US Makes Most Takedown Requests, Says Google
Google has released its biannual Global Transparency Report in which the search giant reveals takedown and user data requests from governments around the world. Notably, Western democracies made the most requests, with the US at the top of the list with 187 content removal requests. In fact, during the last six months of 2011, the US more than doubled its requests for search results, YouTube videos and content takedowns, for a total of 6192 items. Google complied with 42 percent of the US’s requests, a figure higher than that of other countries.
In those last six months of 2011, the US also made 37 percent more requests for private user data, up from from 5,950 in the same time frame of 2010. Google complied with 93 percent of requests.
Many of the other countries making numerous takedown requests are democracies: Germany asked to have 1,722 items removed; the United Kingdom, 847; Australia, 646; Brazil, 554; Spain, 307; India — which is the largest democracy in the world — 255; Turkey, 174; Canada, 172. A handfull of requests were also submitted by Pakistan, Poland, Jordan, Bolivia and Ukraine.
Deborah Chou, a Google senior policy analyst, highlighted the upsurge in requests from democracies in a blog post:
Unfortunately, what we’ve seen over the past couple years has been troubling, and today is no different. When we started releasing this data in 2010, we also added annotations with some of the more interesting stories behind the numbers. We noticed that government agencies from different countries would sometimes ask us to remove political content that our users had posted on our services. We hoped this was an aberration. But now we know it’s not.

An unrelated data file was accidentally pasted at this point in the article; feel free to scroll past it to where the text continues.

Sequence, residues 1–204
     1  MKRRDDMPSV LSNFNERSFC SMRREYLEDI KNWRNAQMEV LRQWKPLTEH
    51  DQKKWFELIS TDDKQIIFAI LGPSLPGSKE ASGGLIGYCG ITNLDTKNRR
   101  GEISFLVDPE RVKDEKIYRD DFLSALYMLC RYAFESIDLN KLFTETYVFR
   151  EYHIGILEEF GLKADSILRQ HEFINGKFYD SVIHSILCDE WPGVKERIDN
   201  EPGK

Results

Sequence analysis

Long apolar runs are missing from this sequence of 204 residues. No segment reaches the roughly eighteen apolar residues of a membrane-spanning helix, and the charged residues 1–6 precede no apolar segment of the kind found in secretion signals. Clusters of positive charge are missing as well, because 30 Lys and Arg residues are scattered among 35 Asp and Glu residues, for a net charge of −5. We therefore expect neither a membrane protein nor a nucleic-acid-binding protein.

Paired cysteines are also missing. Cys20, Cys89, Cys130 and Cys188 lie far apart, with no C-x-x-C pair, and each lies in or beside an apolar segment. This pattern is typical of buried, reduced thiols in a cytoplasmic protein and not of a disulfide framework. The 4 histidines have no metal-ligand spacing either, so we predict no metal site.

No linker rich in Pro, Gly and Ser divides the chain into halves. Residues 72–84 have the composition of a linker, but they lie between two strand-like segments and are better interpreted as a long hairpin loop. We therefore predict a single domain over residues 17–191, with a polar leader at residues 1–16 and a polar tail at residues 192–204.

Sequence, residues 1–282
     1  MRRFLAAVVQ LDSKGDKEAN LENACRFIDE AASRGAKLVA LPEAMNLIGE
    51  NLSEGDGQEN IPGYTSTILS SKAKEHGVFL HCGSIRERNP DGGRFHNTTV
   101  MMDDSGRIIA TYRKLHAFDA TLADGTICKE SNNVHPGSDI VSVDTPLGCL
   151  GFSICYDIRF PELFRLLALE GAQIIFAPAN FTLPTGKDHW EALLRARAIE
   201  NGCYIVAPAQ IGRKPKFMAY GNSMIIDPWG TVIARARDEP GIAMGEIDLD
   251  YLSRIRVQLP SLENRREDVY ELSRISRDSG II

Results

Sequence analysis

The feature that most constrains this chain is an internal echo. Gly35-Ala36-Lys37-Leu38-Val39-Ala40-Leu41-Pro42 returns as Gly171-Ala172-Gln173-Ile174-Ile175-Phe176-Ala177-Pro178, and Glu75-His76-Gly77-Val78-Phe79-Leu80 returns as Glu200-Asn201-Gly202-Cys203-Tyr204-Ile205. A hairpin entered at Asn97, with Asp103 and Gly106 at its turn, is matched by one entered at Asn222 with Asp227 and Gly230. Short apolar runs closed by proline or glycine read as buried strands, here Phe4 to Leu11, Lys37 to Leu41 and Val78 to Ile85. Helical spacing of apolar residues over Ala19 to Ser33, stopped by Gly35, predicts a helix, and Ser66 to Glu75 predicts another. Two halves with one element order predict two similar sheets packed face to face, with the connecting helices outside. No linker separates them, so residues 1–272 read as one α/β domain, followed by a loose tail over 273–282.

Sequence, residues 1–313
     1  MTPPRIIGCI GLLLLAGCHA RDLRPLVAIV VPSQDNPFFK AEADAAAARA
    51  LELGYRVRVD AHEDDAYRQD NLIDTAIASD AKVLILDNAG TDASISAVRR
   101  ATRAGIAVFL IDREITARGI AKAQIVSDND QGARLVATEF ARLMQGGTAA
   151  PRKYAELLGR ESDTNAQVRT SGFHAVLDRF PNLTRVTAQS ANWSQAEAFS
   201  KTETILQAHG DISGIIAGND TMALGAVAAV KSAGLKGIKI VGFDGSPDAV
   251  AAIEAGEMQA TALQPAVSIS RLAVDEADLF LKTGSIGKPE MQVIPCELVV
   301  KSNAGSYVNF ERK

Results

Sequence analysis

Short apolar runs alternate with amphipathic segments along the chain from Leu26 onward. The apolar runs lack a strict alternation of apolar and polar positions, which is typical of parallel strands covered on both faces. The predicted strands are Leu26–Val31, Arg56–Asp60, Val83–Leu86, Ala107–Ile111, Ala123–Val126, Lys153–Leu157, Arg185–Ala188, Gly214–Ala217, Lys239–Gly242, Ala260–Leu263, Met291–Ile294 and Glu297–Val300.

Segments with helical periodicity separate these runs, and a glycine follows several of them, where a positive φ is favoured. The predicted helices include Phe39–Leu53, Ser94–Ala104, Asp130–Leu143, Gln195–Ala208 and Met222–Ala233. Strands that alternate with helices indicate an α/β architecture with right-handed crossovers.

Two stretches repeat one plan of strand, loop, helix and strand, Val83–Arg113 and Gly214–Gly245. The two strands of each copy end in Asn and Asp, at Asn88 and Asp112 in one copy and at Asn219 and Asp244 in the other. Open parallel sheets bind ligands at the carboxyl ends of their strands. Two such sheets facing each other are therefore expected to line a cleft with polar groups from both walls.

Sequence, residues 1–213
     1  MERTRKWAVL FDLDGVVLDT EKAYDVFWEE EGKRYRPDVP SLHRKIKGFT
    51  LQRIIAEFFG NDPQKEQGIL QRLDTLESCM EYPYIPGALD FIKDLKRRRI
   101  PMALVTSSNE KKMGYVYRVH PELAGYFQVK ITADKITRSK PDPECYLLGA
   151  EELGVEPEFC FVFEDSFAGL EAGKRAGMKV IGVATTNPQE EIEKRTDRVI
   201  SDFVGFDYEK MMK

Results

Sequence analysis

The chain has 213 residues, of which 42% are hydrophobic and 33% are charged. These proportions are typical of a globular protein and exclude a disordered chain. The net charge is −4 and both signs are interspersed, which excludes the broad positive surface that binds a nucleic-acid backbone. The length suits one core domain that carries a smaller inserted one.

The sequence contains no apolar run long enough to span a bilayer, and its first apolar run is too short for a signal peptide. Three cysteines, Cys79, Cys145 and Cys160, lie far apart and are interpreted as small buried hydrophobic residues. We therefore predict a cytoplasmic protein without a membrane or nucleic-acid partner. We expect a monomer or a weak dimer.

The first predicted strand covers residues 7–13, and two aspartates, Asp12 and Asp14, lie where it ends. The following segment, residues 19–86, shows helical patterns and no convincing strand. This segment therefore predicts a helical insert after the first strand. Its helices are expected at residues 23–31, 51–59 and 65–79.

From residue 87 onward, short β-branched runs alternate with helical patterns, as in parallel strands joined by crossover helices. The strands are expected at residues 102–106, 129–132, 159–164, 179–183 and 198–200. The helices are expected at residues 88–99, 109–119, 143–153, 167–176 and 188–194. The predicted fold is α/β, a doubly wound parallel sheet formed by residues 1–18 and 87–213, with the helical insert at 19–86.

This is the fifth data set that we’ve released. And just like every other time before, we’ve been asked to take down political speech. It’s alarming not only because free expression is at risk, but because some of these requests come from countries you might not suspect—Western democracies not typically associated with censorship.
The US’s reasons for takedown requests varied: A local law enforcement agency asked to remove 1,400 YouTube videos for “alleged harassment”; Google did not comply with this, nor with a request from another local law enforcement agency to remove a blog post that allegedly defamed an official. But issued a court order to remove 218 search results linking to alleged defamatory websites, Google complied with about 25 percent of requests. In addition, after another local law enforcement agency requested that five user accounts that allegedly contained threatening and/or harassing content be removed, Google terminated four of the accounts and 300 videos were taken down (though 54 videos remained online).
UK police requested that Google remove five whole accounts for “allegedly promot[ing] terrorism.” Google did comply in this case and in response to most of the requests by Thai authorities to take down 149 videos insulting the monarchy, which is a crime under Thai law.
Google did not comply with Spanish officials’ request that 270 blogs and articles referring to public figures and other individuals be taken down; with a Polish public institution’s request to have a site removed that was critical of it; with Canada’s wanting to remove a video of a man urinating on his passport and flushing it down the toilet.
As CNET underscores, the figures do not reflect “censorship activity” from countries including China and Iran, which block Google.
Talking Points Memo underscored that it was “surprising” that Western democracies (the US in particular) made the most removal requests. Where there is freedom of speech, efforts to censor and regulate that speech are never too far afield.
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